3) the F7 is a pretty modern motor for P1 IMHO. It was built from 1971 to 1975. I'm sure wiser heads than I knew what they were doing when the F7 was allowed in P1, but in 1967, the Kawasaki 175 F2 Standard was a 4 speed, cast iron cylinder, stamped steel frame and swing arm motorcycle which some of us old relics still remember as being sold as "The New K Bike!" by Canadian Tire. Dunno what parts are interchangeable, F1 vs F7 but my guess is "not many"...
4) looking for another chassis to slide either motor into. This is based on my own, personal "sad" experience of trying to get an enduro bike chassis to act like a road racer. Eventually, we went to a converted Yamaha street bike chassis - lower steering head position, shorter forks, correct steering geometry and enough info and parts out there to make chassis setup pretty straightforward. Pretty much how Kawasaki saw it when they started putting the Big Horn motor in the H1/H2 chassis I guess.

Anyway, my purpose wasn't to try to make grids smaller - in fact, just the opposite. I'm beating the bushes right now to find a P1-250 ride that I can afford - the BSA 250 I was looking at being wayyyyy out of my league, money-wise and a Triumph 250 I recently investigated, even more-so..
If you've seen Rick's other race bikes, you know he'll be gridding with a topnotch piece of equipment, the best, fastest and safest he can build and I say, "Bully for him", great to see another race bike on the grid...
Pat
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Re: P1 200

Postby Ashton Bond » Fri Sep 28, 2012 8:53 am

I sooooooo want to participate in this class. The issue I have is that most of the bikes on the list are like un-obtanium around here, so just from a logistical consumer standpoint I'm glad to see the F-7. I might know where one is, and yes the chassis is gonna take some major renovations, but that's part of the fun too!
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Re: P1 200

Postby Peter Balfour » Fri Sep 28, 2012 11:05 am

This is based on my own, personal "sad" experience of trying to get an enduro bike chassis to act like a road racer. Eventually, we went to a converted Yamaha street bike chassis - lower steering head position, shorter forks, correct steering geometry and enough info and parts out there to make chassis setup pretty straightforward.


Hey Pat, my BSA B50 was an enduro bike in a former life and its frame is perfect for a road racer. The same with the Yamaha XT500's. There are even guys making roadracers out of current motocross frames so I think its should be possible to make any frame work with the correct fork & shock length. Actually, with enough money and stubborness I'm sure you could make anything work! :D Just look at those Harley racers :lol: .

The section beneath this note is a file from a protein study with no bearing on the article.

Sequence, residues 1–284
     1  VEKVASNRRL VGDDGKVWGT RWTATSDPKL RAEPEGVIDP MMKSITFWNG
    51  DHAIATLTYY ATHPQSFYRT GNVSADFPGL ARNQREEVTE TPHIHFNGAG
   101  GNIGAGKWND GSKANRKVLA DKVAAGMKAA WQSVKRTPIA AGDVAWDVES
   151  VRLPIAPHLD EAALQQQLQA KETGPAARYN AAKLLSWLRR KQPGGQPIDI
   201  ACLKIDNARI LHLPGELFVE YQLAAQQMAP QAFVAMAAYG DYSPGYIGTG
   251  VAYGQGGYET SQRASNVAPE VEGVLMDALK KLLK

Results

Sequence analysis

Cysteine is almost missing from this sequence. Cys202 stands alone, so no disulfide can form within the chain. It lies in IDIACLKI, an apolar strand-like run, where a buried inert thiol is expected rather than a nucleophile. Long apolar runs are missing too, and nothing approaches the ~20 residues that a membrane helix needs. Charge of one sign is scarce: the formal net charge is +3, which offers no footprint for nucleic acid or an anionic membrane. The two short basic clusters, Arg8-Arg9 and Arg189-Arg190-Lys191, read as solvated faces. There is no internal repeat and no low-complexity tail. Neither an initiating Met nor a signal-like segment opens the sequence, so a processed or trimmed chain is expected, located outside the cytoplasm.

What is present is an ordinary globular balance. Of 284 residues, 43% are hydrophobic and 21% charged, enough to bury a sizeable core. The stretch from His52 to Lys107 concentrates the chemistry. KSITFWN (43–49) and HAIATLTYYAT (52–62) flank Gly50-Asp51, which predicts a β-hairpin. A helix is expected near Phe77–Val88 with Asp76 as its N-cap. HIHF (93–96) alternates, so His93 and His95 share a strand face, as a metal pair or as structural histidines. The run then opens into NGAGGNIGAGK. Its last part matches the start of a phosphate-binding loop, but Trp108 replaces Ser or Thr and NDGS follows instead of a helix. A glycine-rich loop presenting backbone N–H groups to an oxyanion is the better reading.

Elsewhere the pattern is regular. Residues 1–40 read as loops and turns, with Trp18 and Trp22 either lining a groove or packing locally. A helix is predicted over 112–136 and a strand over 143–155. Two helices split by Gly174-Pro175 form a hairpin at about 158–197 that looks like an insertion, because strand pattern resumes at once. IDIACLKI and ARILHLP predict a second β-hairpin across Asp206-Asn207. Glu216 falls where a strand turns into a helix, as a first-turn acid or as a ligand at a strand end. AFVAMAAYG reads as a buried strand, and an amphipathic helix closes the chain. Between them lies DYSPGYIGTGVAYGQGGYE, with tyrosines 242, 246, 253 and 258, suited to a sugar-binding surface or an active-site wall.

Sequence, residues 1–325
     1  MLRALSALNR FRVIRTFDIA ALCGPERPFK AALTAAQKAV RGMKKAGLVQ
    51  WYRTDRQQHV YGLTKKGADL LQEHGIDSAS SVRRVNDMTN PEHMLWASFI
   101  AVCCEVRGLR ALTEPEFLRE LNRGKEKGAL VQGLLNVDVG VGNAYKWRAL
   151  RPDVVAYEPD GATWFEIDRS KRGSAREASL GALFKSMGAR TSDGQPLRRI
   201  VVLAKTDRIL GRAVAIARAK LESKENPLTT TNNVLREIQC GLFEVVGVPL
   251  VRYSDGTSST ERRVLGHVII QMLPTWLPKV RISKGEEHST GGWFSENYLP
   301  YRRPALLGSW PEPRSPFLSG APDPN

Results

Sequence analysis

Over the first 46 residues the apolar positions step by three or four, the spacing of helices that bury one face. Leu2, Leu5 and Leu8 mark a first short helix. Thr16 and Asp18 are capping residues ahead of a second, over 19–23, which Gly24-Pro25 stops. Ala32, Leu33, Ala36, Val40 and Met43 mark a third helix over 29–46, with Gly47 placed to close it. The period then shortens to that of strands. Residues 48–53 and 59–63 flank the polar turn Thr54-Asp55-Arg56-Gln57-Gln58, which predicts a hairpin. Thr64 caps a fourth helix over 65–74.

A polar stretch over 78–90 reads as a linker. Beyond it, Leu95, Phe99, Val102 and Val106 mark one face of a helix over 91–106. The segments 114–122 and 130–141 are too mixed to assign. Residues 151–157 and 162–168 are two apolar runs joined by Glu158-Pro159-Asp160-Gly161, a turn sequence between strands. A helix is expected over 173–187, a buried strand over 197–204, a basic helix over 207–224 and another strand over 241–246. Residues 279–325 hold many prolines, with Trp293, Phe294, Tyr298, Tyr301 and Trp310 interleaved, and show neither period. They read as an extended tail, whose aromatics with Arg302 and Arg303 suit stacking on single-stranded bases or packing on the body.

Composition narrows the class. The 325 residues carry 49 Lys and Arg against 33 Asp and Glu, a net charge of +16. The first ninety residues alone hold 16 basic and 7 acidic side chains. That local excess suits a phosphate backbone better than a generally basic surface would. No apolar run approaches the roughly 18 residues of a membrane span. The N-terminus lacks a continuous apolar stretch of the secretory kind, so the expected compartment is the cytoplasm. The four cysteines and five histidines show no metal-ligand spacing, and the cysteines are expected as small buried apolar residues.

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Re: P1 200

Postby pacomotorstuff » Fri Sep 28, 2012 11:58 am

Ya Pete,
But your bike was a piss-poor enduro bike and the XT500, not a whole lot better. Both made nice street bikes with the ability to take an occasional wander down a cowtrail or gravel road and not come unglued.
In stock form, they were excellent for getting your ass handed to you if you were even semi-seriously competing in an enduro. Ya sure I know both were ridden competitively, but oftentimes the ones that did really well had suspension, frame (including complete aftermarket frames) and engine mods that made the bike a couple a times more expensive than the stocker.
And as for making modern MX'ers into a "competitive" road racer - not a super motard or some such, the mods are extensive and expensive - but what racing isn't?
But its all a moot point I guess; if someone can make the stock frame and running gear work for them, go for it, 'cause I/we couldn't with our project.
Jeez, if I can't find a old Brit bike I don't have to sell my remaining kidney to buy, guess I'd better look at an F7.
Pat
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Re: P1 200

Postby Rick Yates » Sun Sep 30, 2012 6:43 pm

Hey Pat
Thanks for the great seat, looks like it'll work fine.
That was the best swapmeet I've seen at Milton. The only big bits I need now are a carb and rear shocks...


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Re: P1 200

Postby pacomotorstuff » Mon Oct 01, 2012 7:58 am

Now here I am, looking for an F7 lump instead of an old British lump.
I must be mad...
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Re: P1 200

Postby Peter Balfour » Mon Oct 01, 2012 11:04 am

That was the best swapmeet I've seen at Milton. The only big bits I need now are a carb and rear shocks...


Rick bought so much stuff we all thought he was building a bike there! I second that, awesome swap meet. I only lost about 50% from the original cost on all the stuff I sold! :lol: Better than buying stocks.... :D
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Re: P1 200

Postby pacomotorstuff » Mon Oct 01, 2012 12:33 pm

Ya Peter,
You and me, we're on the "Freedom 95" plan...